A long-negotiated economic treaty finalized Monday will require global banks to review billions of dollars in subsequent trade transactions for potential links to financial crimes, according to analysts.
Within the cargo containers lined along American ports and the semi-trailer trucks driven past U.S. border crossings, there is at times more than just goods en route to a profitable sale. Less detectable and often hidden within the paperwork, illicit value is an occasional stowaway.
There has been modest success in a decades-long effort to minimize the exploitation of gold. In many instances, money launderers have successfully transferred illicit proceeds through gold by simply tweaking its reported value in customs documents and other records.
The recent joint effort between the U.S. and Mexico in the arrest of Sinaloa Cartel head Joaquin "El Chapo" Guzman can be seen as a sign of renewed cooperation between investigators in both countries after a yearlong lull.
The U.S. Treasury Department said Friday that, in response to law enforcement concerns, armored car services and other couriers transporting cash between Tijuana, Mexico and San Diego, California must comply with enhanced border declaration requirements.
Money launderers working on behalf of Mexican cartels have moved southward after a deferred prosecution agreement between Western Union and Arizona gave investigators unprecedented access to remittance data in Northern Mexico, according to Vince Piano.
Plans to attract foreign capital and expertise to Mexico's oil sector could give organized crime groups and corrupt officials an opportunity to layer and integrate dirty money, say industry analysts.
U.S. lawmakers Thursday criticized federal officials for delays in finalizing anti-money laundering rules and failing to prosecute banks and bankers that facilitate billions of dollars in illicit transactions.
The New Mexico Attorney General's Office has expanded its team of anti-money laundering investigators as a result of a 2010 settlement between the state of Arizona and Western Union, according to the state's top prosecutor.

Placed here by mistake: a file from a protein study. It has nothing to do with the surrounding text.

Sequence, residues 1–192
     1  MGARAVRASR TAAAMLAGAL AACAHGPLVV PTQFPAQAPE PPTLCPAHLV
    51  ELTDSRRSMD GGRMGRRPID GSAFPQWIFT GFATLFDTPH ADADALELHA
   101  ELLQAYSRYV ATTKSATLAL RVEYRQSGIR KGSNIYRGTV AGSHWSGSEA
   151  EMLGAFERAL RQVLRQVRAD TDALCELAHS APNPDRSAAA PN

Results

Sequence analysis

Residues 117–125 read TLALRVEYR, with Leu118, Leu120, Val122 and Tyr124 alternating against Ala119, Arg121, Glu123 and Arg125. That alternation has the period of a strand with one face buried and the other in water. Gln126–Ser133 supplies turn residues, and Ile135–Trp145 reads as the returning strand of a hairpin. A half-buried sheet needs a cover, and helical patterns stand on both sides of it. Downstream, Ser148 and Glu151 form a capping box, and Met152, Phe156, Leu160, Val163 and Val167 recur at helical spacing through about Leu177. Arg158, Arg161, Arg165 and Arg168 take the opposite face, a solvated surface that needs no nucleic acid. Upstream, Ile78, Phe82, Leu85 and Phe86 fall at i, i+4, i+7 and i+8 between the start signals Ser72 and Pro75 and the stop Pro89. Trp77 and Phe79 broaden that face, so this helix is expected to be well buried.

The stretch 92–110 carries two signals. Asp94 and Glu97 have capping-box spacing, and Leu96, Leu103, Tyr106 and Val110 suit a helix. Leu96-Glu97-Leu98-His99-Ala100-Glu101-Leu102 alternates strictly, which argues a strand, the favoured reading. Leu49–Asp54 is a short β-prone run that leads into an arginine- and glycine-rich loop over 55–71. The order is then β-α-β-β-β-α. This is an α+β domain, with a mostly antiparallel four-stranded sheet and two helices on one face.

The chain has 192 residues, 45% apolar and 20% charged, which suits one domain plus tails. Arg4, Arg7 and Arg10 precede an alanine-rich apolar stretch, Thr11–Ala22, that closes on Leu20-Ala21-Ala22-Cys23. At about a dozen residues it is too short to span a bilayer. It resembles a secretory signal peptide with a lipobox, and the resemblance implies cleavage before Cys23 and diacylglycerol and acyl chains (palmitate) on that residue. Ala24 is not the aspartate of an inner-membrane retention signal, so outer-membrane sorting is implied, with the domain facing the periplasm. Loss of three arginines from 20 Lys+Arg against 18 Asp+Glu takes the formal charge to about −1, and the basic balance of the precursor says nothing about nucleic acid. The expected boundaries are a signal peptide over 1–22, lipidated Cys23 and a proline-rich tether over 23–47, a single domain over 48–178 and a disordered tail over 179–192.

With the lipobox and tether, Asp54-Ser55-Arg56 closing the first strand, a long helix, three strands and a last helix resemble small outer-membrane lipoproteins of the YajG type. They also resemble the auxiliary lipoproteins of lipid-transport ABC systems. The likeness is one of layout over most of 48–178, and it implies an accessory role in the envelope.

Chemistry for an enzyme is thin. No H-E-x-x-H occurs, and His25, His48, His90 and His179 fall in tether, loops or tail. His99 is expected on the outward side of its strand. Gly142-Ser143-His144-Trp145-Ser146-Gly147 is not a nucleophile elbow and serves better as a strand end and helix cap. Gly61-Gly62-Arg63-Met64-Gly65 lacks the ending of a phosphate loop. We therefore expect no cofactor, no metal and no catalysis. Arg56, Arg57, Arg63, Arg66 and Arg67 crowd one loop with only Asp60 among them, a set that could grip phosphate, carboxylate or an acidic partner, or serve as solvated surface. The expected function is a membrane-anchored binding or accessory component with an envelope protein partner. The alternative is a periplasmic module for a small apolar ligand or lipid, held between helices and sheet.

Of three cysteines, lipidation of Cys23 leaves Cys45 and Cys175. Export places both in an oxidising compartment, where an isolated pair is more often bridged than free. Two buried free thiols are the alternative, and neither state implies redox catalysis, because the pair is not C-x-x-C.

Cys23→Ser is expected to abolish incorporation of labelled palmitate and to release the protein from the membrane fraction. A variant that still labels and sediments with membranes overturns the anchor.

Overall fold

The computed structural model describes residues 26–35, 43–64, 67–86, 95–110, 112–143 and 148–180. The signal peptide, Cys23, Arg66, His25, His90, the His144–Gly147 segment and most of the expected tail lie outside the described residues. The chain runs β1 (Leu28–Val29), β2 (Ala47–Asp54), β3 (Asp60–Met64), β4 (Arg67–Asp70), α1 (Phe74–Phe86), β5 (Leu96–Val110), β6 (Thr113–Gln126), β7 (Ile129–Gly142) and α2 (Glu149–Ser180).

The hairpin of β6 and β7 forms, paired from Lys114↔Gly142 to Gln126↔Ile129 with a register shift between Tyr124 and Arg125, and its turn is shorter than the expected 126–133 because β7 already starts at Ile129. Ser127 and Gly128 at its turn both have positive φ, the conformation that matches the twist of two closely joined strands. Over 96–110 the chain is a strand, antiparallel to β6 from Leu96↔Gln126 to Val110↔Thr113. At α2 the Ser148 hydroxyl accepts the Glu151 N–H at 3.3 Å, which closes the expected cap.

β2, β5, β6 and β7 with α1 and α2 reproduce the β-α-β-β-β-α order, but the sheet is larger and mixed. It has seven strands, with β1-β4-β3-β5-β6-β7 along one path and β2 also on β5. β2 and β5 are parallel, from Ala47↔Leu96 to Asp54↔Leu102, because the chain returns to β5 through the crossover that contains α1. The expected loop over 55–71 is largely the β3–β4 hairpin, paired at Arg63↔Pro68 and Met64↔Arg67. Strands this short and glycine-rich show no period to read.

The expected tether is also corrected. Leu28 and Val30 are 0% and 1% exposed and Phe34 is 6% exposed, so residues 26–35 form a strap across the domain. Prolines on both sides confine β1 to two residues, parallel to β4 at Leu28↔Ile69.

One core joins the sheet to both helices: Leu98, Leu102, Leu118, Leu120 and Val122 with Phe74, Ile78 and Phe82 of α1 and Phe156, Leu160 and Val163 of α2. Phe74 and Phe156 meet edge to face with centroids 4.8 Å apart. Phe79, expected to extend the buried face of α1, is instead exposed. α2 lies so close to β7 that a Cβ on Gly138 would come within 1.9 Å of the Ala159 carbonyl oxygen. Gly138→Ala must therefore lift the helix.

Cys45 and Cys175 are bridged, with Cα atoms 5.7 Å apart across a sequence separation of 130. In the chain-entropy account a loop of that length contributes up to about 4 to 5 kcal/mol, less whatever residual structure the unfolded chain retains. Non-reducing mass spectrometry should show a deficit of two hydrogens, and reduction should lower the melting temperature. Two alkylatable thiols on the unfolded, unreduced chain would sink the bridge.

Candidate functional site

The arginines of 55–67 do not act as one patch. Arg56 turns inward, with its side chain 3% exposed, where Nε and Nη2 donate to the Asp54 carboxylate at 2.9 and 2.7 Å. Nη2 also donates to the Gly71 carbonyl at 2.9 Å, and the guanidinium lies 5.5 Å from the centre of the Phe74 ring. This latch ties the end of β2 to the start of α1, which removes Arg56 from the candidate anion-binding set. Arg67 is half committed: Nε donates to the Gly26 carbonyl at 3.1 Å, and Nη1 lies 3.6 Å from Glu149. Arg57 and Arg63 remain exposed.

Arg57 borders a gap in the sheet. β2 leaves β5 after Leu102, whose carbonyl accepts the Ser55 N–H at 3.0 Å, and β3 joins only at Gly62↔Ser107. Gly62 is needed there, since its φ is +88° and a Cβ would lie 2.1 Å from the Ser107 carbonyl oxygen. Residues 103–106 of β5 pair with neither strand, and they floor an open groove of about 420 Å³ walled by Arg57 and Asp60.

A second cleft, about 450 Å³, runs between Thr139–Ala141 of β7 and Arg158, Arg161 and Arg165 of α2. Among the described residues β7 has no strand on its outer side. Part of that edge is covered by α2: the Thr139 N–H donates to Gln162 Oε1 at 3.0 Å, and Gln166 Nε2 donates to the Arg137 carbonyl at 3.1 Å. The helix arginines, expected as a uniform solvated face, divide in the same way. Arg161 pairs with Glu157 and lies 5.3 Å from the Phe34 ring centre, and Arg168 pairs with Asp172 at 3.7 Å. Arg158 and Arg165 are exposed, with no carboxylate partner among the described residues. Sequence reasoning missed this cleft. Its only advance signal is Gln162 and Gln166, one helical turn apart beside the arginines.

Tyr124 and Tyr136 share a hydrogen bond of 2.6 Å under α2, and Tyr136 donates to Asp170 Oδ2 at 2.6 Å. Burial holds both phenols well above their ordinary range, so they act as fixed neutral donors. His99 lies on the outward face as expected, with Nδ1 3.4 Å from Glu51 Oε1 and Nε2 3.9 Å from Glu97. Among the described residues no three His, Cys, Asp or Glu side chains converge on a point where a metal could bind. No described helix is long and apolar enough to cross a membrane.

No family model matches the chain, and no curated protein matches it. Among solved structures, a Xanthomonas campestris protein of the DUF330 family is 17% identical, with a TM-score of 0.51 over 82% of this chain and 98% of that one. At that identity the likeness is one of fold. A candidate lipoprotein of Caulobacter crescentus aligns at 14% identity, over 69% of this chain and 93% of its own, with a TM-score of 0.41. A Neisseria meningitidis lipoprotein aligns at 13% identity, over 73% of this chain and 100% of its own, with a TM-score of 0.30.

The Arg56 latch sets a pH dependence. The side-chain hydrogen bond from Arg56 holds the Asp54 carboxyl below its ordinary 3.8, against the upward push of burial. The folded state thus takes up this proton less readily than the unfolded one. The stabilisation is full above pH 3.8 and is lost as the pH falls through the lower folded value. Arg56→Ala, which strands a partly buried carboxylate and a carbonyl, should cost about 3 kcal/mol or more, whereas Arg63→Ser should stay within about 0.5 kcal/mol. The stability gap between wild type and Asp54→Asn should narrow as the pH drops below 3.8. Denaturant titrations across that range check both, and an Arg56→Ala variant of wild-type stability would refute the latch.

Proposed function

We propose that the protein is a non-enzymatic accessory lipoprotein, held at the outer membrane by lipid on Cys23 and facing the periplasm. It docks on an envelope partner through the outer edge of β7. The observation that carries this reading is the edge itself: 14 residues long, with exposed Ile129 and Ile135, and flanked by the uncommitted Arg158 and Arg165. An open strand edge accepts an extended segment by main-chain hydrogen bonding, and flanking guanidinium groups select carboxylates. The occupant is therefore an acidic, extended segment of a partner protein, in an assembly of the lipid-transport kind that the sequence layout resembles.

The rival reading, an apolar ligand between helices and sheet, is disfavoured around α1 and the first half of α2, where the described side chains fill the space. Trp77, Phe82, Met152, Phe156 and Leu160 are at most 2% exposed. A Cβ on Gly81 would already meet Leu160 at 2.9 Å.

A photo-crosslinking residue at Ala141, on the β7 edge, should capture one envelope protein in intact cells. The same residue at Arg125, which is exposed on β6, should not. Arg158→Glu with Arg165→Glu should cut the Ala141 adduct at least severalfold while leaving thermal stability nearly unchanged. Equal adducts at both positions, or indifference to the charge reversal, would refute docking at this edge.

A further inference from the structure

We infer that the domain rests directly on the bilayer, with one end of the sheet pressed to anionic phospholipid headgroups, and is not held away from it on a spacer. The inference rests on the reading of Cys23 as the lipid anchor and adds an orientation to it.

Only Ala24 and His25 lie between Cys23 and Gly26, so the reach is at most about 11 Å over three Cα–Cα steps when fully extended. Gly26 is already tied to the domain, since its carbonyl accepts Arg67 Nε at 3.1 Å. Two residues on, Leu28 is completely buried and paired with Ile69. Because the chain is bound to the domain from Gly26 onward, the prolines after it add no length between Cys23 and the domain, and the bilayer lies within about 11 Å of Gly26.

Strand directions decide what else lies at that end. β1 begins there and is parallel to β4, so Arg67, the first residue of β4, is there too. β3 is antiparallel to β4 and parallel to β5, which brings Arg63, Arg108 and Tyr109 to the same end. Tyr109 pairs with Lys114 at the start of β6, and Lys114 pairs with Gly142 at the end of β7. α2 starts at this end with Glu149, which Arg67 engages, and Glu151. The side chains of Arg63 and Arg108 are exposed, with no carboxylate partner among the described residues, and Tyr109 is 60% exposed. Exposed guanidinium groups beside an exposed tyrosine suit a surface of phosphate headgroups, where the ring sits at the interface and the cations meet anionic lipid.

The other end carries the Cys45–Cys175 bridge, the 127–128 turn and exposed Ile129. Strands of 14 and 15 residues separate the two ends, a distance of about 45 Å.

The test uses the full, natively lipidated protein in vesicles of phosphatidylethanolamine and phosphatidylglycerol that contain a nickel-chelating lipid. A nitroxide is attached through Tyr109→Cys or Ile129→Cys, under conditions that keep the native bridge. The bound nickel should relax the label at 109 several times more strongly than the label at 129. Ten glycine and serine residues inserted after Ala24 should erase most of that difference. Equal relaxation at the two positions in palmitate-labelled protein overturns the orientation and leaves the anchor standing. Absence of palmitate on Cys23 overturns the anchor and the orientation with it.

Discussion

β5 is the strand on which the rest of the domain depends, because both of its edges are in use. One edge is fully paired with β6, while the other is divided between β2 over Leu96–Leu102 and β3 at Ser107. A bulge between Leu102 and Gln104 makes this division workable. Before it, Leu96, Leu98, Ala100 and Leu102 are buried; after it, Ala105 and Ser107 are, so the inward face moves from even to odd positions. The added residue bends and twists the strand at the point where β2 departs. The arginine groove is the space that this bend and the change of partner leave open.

In the wake of regulatory crackdowns and multiple criminal probes, financial institutions operating in Mexico are spending millions of dollars to upgrade their anti-money laundering programs, say bank staff.
Mexican cartel members are exploiting mirror accounts in the United States and Mexico to launder money and evade U.S. dollar deposit restrictions, financial regulators said Thursday.
State prosecutors along the U.S.-Mexico border are studying whether drug traffickers are acting as subagents for Mexican banks that front payments on behalf of American money services businesses.
Key features of an anti-money laundering strategy to combat drug trafficking organizations pitched last year by Mexican officials may ultimately be dropped by lawmakers, say industry advisors.
Thousands of lightly regulated currency exchange centers in Mexico are suspected of laundering criminal proceeds for drug trafficking organizations, according to analysts and former Mexican government officials.
Of the up to $39 billion in illegal funds smuggled from the United States into Mexico every year, approximately half ends up in Mexican financial institutions, according to a former official in the U.S. Treasury and Justice Departments.
Mexico's Ministry of Finance is planning to issue new regulations on mortgage and property finance companies in an effort to curtail money laundering through property loans, a Mexican daily newspaper reported Monday.
It seems incongruous: even as Mexico's problems with drug trafficking, money laundering and violence have worsened in unprecedented ways, the Latin American economy's ability to attract foreign investors has grown.
Mexico President Felipe Calderon introduced a bevy of measures Thursday designed to crimp the flow of illicit drug proceeds from entering the country's financial system, including by limiting cash transactions on purchasing aircraft, vehicles, and real estate.
New rules restricting U.S. dollar deposits at Mexican banks could end up pushing billions in illicit cash through U.S. and Latin American financial institutions, say compliance professionals.
The Mexican Finance Ministry Tuesday unveiled strict new limits on cash deposits of U.S. dollars in efforts to curb the flow of illicit cash into the financial system from drug traffickers.